NCLS Research

Spirit Matters: how making sense of life affects wellbeing


www.ncls.org.au/spiritmatters

The authors of a new book about Australian spirituality say there are significant links between how we make sense of life and our personal and societal wellbeing.

Spirit Matters, by Peter Kaldor, Philip Hughes and Alan Black, will be launched at the “Shaping Australia’s Spirituality” conference in Melbourne on August 31.

Subtitled How Making Sense of Life Affects Wellbeing, it presents an in-depth analysis of national surveys undertaken in Australia on wellbeing, religion, spirituality and how we make sense of life.

Despite what some commentators may say, religious ways of making sense of life are far from dead in contemporary Australia.

Approximately one quarter of Australians (26%) approach life from an actively religious perspective. Others (17%) are influenced by alternative spiritualities. Somewhat more than half (57%) are not influenced much by either religion or spirituality.

Most of this last group are not atheists, but are not sure what to believe, taking a secular approach to life by default.

From further analysis, the book identifies seven major approaches to life and asks: What are the consequences of a choice for one or another approach?

Spirit Matters pinpoints ways in which different approaches can affect personal wellbeing and the common good. It shows that some approaches are more likely than others to generate outcomes such as a strong sense of purpose, optimism and openness to personal growth.

The book also explores how the choices we make about our individual lives have implications for the wider community: to the way we relate to and trust each other, to the priority we place on concern for others and to living out such a wider concern, and to our levels of altruism and generosity.

“The implications,” says Peter Kaldor, “are not just for our own generation, but for the generations to come.”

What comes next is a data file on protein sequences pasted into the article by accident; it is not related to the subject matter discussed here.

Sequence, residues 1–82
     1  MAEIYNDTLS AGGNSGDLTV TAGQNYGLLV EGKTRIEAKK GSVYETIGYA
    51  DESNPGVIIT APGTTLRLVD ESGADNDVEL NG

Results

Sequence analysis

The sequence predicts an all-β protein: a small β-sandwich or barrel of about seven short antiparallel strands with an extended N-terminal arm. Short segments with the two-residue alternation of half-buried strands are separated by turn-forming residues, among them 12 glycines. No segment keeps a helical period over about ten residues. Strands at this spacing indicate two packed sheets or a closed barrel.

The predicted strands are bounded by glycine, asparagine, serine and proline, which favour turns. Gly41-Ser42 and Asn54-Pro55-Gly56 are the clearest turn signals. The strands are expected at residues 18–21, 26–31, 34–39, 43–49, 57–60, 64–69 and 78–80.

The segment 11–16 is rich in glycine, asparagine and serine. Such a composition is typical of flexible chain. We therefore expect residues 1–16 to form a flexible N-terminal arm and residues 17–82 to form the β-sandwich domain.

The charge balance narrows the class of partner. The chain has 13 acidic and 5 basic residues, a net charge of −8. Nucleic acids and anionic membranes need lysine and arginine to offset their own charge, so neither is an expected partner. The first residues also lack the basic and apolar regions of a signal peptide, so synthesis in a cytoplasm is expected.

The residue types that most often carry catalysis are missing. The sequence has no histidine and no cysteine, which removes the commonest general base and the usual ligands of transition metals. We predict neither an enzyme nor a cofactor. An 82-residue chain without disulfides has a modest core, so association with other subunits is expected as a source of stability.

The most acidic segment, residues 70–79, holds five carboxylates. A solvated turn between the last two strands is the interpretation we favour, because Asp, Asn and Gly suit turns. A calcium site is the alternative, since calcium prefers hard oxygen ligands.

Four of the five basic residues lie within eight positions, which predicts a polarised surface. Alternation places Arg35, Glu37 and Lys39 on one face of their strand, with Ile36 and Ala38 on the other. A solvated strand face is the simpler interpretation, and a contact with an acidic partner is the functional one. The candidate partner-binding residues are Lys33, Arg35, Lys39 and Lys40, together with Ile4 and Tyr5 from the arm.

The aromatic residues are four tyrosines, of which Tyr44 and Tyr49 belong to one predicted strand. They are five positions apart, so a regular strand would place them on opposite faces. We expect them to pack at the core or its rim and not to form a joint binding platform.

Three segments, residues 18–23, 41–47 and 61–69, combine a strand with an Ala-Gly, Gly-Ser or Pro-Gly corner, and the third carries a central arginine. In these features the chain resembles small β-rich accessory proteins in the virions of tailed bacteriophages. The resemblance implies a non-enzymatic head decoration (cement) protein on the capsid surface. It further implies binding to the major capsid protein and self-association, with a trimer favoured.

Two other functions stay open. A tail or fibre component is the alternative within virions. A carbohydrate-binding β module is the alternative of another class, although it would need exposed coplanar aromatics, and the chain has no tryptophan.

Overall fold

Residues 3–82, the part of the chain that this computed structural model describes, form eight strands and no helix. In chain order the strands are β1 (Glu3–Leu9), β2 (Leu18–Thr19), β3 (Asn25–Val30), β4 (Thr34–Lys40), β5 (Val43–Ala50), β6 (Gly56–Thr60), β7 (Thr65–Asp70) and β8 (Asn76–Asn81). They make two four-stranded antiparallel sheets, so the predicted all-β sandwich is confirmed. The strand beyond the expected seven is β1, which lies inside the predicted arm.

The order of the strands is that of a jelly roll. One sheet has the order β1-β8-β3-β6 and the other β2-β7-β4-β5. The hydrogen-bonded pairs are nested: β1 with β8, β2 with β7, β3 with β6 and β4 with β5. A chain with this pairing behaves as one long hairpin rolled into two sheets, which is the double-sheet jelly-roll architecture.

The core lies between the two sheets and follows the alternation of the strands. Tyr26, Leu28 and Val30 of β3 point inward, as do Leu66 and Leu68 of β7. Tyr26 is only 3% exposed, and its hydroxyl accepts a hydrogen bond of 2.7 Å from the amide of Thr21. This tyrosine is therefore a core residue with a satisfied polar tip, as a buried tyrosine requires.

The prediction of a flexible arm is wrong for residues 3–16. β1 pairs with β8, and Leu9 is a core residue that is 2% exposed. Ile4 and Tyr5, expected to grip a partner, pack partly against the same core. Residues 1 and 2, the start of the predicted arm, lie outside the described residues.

Philip Hughes says, “Trends in recent times have left us with a wealth of life choices. People sometimes assume that it doesn’t matter very much what they choose.

“The data in this book shows that it does matter. The ways we choose to live influence our personal wellbeing and the wellbeing of the whole society.”

While there is much in the book of relevance to churches, religious and other groups concerned with spirituality and meaning, it is written in an accessible style for a wide audience. It addresses issues that should be of concern to every Australian.

According to Professor Black, the book has very significant implications for education. “We need to prepare young people to make wise choices about life and its directions.”

Findings also have implications for those who are concerned about social policy, personal and community wellbeing, including psychologists and community health workers, educators and religious leaders, politicians, community leaders and the general public.

Spirit Matters: How Making Sense of Life Affects Wellbeing
Kaldor, Hughes and Black
ISBN: 9780980827507 (pbk), Mosaic Press, August 2010, 161pp,
AUD$35.00

Spirit Matters is available from:

NCLS Research
Locked Bag 2002, Strathfield NSW 2135
www.ncls.org.au/spiritmatters
Telephone: +61 2 9701 4479

The authors

Dr Peter Kaldor was the founding Director of NCLS Research and for 25 years has been involved in research and writing in the areas of spirituality, religion, social policy, wellbeing and effective leadership. He is an honorary research fellow of the Edith Cowan University Social Justice Research Centre, and continues to be an associate researcher and collaborative partner with NCLS Research.

Dr Philip Hughes, the author or co-author of many books and reports relating to spirituality and religion in Australia, as well as various publications on community life, has been a researcher with the Christian Research Association since 1985. He is currently an honorary research fellow of the Edith Cowan University Social Justice Research Centre.

Dr Alan Black was Foundation Professor of Sociology at Edith Cowan University before his retirement at the end of 2003. His fields of research and publication include religion, spirituality, wellbeing, social capital, and community life. As an Emeritus Professor he retains an active link with the Edith Cowan University Social Justice Research Centre.


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